Title: Northwest Forest Planthe first 10 years (1994-2003): status and trend of late-successional and old-growth forest.
Author: Moeur, Melinda; Spies, Thomas A.; Hemstrom, Miles; Martin, Jon R.; Alegria, James; Browning, Julie; Cissel, John; Cohen, Warren B.; Demeo, Thomas E.; Healey, Sean; Warbington, Ralph.
Source: Gen. Tech. Rep. PNW-GTR-646. Portland, OR: U.S. Department of Agriculture, Forest Service, Pacific Northwest Research Station. 142 p
Station ID: GTR-PNW-646
Description: We monitored the status and trend of late-successional and old-growth forest (older forest) on 24 million ac of land managed by the Forest Service, Bureau of Land Management, and National Park Service in the Northwest Forest Plan (the Plan) area between 1994 and 2003. We developed baseline maps from satellite imagery of older forest conditions at the start of the Plan. We used remotely sensed change detection to track losses of older forests on federally managed lands to stand-replacing harvest and wildfire, and we analyzed the amounts and spatial distribution of older forests by using the mapped data. We also performed statistical analysis on inventory plot information collected on Forest Service and Bureau of Land Management lands. These analyses provided statistically rigorous estimates of older forest acres bracketed by confidence intervals. We analyzed remeasured inventory plots to estimate net change in the amount of older forests on federally managed lands.
We estimated the amount of older forest at the start of the Plan corresponding to three different older forest definitions based on average tree size, canopy layering, canopy closure, and life form. The results ranged from 7.87 million ac (± 1.96 million ac) of federally managed lands with average tree size at least 20 in (medium and large older forest), to 7.04 million ac (± 1.93 million ac) using a definition that recognizes variation in regional forest vegetation (older forest with size indexed to potential natural vegetation zone). We found 2.72 million ac (± 0.35 million ac) were in stands with average tree size 30 in and greater, with multistoried canopies (large, multistoried older forest). At least 1.7 million ac of existing "medium and large" older forest were in fire-adapted vegetation types characterized by high fire frequency and low severity in the Eastern Cascades and Klamath provinces. Up to 1 million additional older forest ac occurred in dry mixed-conifer types in the Western Cascades.
Our data from remeasured inventory plots indicated that the annual net rate of increase of medium and large older forest was about 1.9 percent, outpacing losses from all sources. The extrapolated gain in older forest 20 in was between 1.25 million ac and 1.5 million ac in the first decade after the Plan. The gain came primarily from increases in the area of forest at the lower end of the diameter range for older forest. The net increase took into account the older forest removed by stand-replacing harvest, 0.2 percent of the total (about 16,900 ac on all federally managed lands), and the amount burned by stand-replacing wildfire, about 1.3 percent (about 102,500 ac on all federally managed lands). The area mapped as logged or burned had an error estimate of between 7 and 12 percent.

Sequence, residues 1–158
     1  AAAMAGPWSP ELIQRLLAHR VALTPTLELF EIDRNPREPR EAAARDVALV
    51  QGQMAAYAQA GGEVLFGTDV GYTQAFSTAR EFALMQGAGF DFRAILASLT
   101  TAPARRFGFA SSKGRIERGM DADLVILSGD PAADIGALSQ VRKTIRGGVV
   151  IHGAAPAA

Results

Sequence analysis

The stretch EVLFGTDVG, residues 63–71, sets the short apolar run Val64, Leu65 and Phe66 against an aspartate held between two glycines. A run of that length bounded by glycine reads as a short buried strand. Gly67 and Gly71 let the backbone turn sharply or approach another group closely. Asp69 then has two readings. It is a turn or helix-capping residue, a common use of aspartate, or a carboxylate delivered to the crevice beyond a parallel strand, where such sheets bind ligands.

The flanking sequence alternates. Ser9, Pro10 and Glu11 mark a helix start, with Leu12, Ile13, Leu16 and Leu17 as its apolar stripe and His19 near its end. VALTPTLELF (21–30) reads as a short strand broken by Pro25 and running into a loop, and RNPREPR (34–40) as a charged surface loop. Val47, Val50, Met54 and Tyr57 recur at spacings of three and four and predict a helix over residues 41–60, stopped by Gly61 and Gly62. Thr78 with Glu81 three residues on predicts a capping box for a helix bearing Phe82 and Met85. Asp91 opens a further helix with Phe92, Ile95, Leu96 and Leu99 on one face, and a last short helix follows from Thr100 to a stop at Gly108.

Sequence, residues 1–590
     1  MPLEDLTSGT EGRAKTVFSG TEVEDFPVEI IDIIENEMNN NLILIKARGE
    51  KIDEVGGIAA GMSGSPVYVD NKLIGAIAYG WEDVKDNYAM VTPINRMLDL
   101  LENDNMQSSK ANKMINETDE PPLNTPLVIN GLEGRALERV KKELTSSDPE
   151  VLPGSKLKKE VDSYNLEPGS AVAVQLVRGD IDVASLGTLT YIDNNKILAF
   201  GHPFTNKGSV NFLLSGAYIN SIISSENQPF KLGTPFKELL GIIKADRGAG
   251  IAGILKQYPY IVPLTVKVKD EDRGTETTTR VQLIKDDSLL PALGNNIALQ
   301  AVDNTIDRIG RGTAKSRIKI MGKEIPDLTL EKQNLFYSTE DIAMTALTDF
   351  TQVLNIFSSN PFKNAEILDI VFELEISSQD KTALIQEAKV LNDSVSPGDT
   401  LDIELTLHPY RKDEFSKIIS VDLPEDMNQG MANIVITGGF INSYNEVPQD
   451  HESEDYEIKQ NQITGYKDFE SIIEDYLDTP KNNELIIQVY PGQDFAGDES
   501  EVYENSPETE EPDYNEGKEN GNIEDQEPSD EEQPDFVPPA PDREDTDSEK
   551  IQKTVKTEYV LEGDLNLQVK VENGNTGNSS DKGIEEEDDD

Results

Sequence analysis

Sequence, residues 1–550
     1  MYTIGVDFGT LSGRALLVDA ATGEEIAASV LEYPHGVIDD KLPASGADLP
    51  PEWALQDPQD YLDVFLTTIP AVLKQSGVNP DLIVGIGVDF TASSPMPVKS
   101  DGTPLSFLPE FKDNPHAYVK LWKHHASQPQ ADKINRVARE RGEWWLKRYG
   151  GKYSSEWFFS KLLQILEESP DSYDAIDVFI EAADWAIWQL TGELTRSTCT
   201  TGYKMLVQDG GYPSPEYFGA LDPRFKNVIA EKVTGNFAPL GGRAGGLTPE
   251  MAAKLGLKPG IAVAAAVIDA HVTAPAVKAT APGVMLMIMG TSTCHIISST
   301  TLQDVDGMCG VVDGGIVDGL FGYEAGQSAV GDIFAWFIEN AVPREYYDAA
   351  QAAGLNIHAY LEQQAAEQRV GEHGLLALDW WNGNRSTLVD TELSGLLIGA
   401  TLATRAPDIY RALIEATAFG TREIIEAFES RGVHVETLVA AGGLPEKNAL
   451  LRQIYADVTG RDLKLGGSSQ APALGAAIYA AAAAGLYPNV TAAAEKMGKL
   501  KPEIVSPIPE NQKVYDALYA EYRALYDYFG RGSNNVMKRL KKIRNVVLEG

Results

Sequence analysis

The initial amount, distribution, and arrangement of older forest on federally managed land appears to have met or exceeded Northwest Forest Plan expectations. But the large amount of older forest susceptible to catastrophic wildfire may be a concern for managers. Losses to wildfire in the first decade were in line with assumptions for the Plan area, but rates of loss were highly variable among provinces, with the highest rates of loss occurring in the dry provinces. Loss of older forest to harvest was a fraction of the approximately 230,000 ac of older forest expected to have been harvested. Overall gain was about twice the 600,000 ac expected during the first decade of the Plan.
Older forest maps based on remote sensing allowed for a spatial assessment of landscape patterns, but map accuracy was low in some areas, especially the Eastern Cascades. Remotely sensed change detection was highly accurate for assessing older forest losses to catastrophic disturbance (clearcutting and stand-replacing wildfire). But technological improvements are needed to use remotely sensed data for detecting less severe disturbance from partial harvest or less severe burning. Plot data were not of sufficient resolution to allow for spatial analysis or to identify causes of change. But estimates made from plot data were unbiased, accurate, and precise. Future monitoring work will pursue approaches that tie the plot-based and mapped data sets together more closely.
This document, including high-resolution versions of all the map images it contains, is accessible online (http://www.reo.gov/monitoring/).
Keywords: Northwest Forest Plan, effectiveness monitoring, late-successional and old-growth forests, remote sensing, existing vegetation, change detection, Pacific Northwest, Forest Service, Bureau of Land Management, land use allocations, late-successional reserves, physiographic provinces
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Moeur, Melinda; Spies, Thomas A.; Hemstrom, Miles; Martin, Jon R.; Alegria, James; Browning, Julie; Cissel, John; Cohen, Warren B.; Demeo, Thomas E.; Healey, Sean; Warbington, Ralph. 2005. Northwest Forest Planthe first 10 years (1994-2003): status and trend of late-successional and old-growth forest.. Gen. Tech. Rep. PNW-GTR-646. Portland, OR: U.S. Department of Agriculture, Forest Service, Pacific Northwest Research Station. 142 p.